Man in Cape on Building

In the Social Entrepreneurship class I teach, I share with my students a continuum that places for-profit companies on the left and charitable organizations on the right. In recent years, for-profit companies and nonprofit companies have been moving toward the middle of the spectrum. Nonprofits are rapidly adopting more habits of the business sector. And, now businesses are awakening to the value of “doing good.” August 19, 2019 was a turning point in American capitalism when the influential Business Roundtable adopted a “Statement of Purpose of the Corporation,” which committed corporate America to not only maximize profits, but also create value for all stakeholders, including supporting the communities it serves. 
 
A number of trends are accelerating this movement in the for-profit sector. First, customers are demanding it. A study by Havas, “Project Superbrand: 10 Truths Reshaping the Corporate World,” found that two in three consumers believe that business is just as responsible for positive social change as government. In addition, 80 percent want companies to work with nonprofits to improve their communities. Fueled by a marketing shift that is focused on customer experience, positive corporate social responsibility is upshifting from good PR to an essential corporate strategy.
 
Example: AT&T’s CEO Randall Stephenson made a bold move for a communications company and turned a corporate speech into a testimonial on race relations. In it, he proclaimed that “tolerance is for cowards” and challenged all employees to “move into uncomfortable territory and understand each other.”
 
Second, as companies fight for talent, employees are choosing companies that are “doing good” and investing in them and the community. A study by Cone Communications on “Employee Engagement” found:
 
  • 55 percent of job candidates would choose to work for a socially responsible company – even if the salary was less.
  • 51 percent of candidates (and 66 percent of millennials) would not work for a company that doesn’t have a strong social or environmental record.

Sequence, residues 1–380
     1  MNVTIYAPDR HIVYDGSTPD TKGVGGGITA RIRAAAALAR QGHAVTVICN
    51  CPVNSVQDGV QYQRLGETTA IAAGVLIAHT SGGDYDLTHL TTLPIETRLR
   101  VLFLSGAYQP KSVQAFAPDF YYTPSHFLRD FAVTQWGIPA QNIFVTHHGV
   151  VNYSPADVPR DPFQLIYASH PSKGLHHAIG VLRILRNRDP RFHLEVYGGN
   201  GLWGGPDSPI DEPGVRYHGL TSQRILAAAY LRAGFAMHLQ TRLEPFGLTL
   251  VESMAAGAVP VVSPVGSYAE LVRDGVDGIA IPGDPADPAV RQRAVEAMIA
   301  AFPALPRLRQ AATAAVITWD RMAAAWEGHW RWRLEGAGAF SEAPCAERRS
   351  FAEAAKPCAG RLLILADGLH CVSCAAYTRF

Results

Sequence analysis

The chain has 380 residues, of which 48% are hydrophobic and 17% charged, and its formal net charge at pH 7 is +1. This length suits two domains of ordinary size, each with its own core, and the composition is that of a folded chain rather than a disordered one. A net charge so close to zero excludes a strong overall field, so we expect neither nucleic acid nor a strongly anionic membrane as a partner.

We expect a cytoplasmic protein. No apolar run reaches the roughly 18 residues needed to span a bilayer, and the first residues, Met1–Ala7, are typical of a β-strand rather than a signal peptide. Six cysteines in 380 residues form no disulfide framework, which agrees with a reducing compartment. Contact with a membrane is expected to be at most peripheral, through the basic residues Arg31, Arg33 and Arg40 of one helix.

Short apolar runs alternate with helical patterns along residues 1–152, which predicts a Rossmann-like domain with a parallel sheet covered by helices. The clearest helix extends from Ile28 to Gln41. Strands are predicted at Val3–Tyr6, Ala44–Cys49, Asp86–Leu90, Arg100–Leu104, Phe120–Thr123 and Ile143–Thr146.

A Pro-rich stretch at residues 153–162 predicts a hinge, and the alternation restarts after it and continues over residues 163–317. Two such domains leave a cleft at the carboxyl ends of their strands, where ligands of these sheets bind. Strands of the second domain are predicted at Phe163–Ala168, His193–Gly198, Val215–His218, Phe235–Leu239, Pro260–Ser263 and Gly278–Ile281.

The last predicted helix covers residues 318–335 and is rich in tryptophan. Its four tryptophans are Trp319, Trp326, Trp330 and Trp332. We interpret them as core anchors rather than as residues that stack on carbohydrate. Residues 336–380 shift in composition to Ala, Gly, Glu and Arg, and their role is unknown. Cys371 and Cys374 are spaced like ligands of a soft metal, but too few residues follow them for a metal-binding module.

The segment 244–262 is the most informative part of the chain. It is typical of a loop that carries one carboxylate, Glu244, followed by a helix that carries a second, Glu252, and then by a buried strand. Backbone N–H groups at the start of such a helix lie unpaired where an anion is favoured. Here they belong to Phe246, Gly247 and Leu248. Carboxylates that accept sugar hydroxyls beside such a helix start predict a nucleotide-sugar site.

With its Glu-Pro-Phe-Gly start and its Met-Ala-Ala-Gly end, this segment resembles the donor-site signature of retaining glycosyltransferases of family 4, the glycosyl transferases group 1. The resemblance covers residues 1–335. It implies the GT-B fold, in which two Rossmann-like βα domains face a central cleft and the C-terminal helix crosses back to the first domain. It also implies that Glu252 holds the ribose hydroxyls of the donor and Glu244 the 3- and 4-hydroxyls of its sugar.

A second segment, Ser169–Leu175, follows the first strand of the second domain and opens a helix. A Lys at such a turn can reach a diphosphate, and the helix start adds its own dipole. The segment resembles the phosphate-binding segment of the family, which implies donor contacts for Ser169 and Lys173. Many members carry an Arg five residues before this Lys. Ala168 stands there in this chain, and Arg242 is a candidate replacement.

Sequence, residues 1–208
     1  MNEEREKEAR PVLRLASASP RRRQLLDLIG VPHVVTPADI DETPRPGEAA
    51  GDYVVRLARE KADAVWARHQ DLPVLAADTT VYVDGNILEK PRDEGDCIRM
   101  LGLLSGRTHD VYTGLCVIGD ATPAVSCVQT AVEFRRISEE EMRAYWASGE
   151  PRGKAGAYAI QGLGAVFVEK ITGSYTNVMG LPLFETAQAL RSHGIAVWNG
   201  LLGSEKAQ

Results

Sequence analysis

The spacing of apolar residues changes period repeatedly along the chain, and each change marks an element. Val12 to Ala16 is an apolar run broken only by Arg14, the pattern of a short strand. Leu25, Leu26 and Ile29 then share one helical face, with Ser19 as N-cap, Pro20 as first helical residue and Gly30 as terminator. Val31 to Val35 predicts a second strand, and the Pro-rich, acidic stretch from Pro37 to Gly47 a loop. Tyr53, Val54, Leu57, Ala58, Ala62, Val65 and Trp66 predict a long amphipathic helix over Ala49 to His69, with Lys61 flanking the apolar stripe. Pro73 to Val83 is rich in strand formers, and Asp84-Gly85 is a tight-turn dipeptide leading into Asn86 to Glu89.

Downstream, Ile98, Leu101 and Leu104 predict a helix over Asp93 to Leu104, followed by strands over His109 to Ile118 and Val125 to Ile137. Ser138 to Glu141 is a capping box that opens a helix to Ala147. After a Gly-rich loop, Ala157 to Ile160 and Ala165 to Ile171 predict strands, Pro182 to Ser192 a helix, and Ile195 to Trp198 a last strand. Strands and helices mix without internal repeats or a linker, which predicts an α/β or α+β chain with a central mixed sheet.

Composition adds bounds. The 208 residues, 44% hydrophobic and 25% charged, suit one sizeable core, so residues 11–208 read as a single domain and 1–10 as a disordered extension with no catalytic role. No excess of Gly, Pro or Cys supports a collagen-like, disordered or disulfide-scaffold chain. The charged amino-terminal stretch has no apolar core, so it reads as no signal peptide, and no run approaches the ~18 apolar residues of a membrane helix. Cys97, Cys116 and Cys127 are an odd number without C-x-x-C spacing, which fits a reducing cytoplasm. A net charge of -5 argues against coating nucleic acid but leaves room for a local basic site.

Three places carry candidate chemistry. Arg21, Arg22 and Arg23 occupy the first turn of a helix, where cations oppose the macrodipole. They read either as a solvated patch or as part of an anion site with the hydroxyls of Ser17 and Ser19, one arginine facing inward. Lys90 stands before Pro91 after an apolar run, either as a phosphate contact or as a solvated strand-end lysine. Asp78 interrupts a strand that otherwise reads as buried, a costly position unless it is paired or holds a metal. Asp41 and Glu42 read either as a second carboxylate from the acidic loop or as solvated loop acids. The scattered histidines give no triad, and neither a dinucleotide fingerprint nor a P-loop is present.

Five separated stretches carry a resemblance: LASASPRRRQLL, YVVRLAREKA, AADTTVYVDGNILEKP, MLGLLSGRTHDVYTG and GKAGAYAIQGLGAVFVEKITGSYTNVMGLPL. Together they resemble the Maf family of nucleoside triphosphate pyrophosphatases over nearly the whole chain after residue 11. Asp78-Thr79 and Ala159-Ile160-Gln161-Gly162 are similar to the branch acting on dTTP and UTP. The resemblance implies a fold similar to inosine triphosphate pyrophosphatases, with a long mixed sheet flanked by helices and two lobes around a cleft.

• 70 percent not only want to know that their company is doing good, but they also want to be part of the work.
 
Example: For-profit innovator ORIX USA, which we profiled in the past, uses a unique “bottom-up” approach to corporate giving. As a result of their approach, ORIX USA’s employees volunteer twice as much as the national average.
 
Third, Wall Street is paying attention. In 2015, Fortune magazine which has been publishing the “Best Places to Work” list since 1998, launched a new list – the Change the World List. Economists Scott J. Callan and Janet M. Thomas have noted that “empirical evidence … indicates that firms need not view social responsibility and profitability as competing goals.”
 
Finally, business owners and social entrepreneurs are designing (or redesigning) companies that occupy the middle portion of the spectrum. These companies operate as Benefit Corporations, for-profit companies that are dedicated to not only doing good, but also doing no harm to their communities.
 
Example: Recently, B Lab just released its list of “Best for the World” companies and Social Impact Architects, a certified Benefit Corporation, is honored to be part of that list again in 2019. We have joined the ranks of companies like Patagonia and Etsy, which have baked social good into their DNA. We are also transparent and have undergone an independent assessment of our efforts to impact our community, the environment and our employees.  
 
Corporate social responsibility is getting an upgrade – for good. This “movement to the middle” means we now have an army of for-profit companies wanting to make a difference in their communities. It is an excellent opportunity for the social sector to partner with them – not just to get sponsorships for our next fundraising events, but to help shape their corporate strategy. Consider the possibilities. What if we could help them hire employees at a living wage? What if we leveraged their talent for our nonprofit boards and projects while helping build their employees’ leadership skills? What if we partnered with their employee assistance program (EAP) to help their employees access important services (e.g., financial coaching, mental health referrals)?
 
If we act as one team to fight for our causes, we can create a new paradigm where people and planet can co-exist with profits. We would love to hear how you are working with your local companies – large and small – to make a difference in your community.
 
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